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Gewählte Publikation:

Mitter, H; Schonhart, M; Larcher, M; Schmid, E.
(2018): The Stimuli-Actions-Effects-Responses (SAER)-framework for exploring perceived relationships between private and public climate change adaptation in agriculture
J ENVIRON MANAGE. 2018; 209: 286-300. FullText FullText_BOKU

Abstract:
Empirical findings on actorsxxx roles and responsibilities in the climate change adaptation process are rare even though cooperation between private and public actors is perceived important to foster adaptation in agriculture. We therefore developed the framework SAER (Stimuli-Actions-Effects-Responses) to investigate perceived relationships between private and public climate change adaptation in agriculture at regional scale. In particular, we explore agricultural expertsxxx perceptions on (i) climatic and non climatic factors stimulating private adaptation, (ii) farm adaption actions, (iii) potential on-farm and off-farm effects from adaptation, and (iv) the relationships between private and public adaptation. The SAER-framework is built on a comprehensive literature review and empirical findings from semi structured interviews with agricultural experts from two case study regions in Austria. We find that private adaptation is perceived as incremental, systemic or transformational. It is typically stimulated by a mix of bio-physical and socio-economic on-farm and off-farm factors. Stimulating factors related to climate change are perceived of highest relevance for systemic and transformational adaptation whereas already implemented adaptation is mostly perceived to be incremental. Perceived effects of private adaptation are related to the environment, weather and climate, quality and quantity of agricultural products as well as human, social and economic resources. Our results also show that public adaptation can influence factors stimulating private adaptation as well as adaptation effects through the design and development of the legal, policy and organizational environment as well as the provision of educational, informational, financial, and technical infrastructure. Hence, facilitating existing and new collaborations between private and public actors may enable farmers to adapt effectively to climate change. (C) 2018 Elsevier Ltd. All rights reserved.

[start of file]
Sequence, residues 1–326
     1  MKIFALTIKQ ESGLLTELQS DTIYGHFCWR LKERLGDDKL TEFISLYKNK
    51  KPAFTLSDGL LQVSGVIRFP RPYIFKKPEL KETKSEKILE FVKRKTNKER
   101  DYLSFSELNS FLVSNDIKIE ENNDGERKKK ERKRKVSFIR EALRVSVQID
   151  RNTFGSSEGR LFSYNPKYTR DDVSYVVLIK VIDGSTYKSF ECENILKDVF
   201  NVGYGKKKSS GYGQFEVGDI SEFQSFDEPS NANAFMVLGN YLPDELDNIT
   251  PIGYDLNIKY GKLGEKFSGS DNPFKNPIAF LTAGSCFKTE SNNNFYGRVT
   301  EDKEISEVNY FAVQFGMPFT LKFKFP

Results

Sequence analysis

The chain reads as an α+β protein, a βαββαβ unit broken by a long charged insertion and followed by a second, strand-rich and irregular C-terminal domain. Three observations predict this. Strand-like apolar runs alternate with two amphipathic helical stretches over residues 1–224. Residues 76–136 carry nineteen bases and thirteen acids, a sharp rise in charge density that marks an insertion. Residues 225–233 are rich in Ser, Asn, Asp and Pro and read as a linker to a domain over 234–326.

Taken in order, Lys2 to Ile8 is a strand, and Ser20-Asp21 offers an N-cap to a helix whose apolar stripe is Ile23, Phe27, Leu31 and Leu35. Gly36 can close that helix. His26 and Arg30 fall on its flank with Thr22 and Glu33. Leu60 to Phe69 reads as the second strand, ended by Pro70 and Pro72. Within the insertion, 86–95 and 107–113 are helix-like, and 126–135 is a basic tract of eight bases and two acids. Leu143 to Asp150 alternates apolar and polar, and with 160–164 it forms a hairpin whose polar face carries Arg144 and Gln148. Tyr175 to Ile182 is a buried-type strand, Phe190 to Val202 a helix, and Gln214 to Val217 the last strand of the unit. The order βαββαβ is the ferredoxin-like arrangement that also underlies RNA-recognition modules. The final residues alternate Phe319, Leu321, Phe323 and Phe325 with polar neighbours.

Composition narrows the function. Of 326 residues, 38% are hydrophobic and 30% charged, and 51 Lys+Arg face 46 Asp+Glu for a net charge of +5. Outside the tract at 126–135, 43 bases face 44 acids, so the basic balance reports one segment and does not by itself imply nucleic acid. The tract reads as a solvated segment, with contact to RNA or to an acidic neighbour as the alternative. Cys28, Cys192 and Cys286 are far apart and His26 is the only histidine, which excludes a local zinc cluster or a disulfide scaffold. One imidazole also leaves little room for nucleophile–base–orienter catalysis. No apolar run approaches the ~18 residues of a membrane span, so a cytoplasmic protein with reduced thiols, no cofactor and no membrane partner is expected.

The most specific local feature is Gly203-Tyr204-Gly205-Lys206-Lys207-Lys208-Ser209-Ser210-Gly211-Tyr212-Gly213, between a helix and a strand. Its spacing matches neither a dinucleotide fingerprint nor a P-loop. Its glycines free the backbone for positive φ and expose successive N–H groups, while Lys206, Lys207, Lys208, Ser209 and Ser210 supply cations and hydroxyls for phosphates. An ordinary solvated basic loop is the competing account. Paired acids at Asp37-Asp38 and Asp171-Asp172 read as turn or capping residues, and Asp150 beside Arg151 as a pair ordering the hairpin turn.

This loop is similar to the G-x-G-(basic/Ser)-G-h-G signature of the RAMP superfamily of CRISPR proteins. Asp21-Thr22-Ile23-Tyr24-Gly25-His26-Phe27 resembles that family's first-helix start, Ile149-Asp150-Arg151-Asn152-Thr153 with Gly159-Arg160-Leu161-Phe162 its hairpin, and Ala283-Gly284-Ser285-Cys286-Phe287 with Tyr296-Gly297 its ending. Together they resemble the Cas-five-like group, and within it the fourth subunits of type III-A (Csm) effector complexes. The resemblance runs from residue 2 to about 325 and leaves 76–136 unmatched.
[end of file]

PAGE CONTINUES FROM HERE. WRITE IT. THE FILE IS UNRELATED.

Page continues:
Autor/innen der BOKU Wien:
Larcher Manuela
Mitter Hermine
Schmid Erwin
Schönhart Martin
BOKU Gendermonitor:


Find related publications in this database (Keywords)
Climate change perception
Private adaptation
Public adaptation
Qualitative analysis
Adaptation stimulus
Adaptation effect


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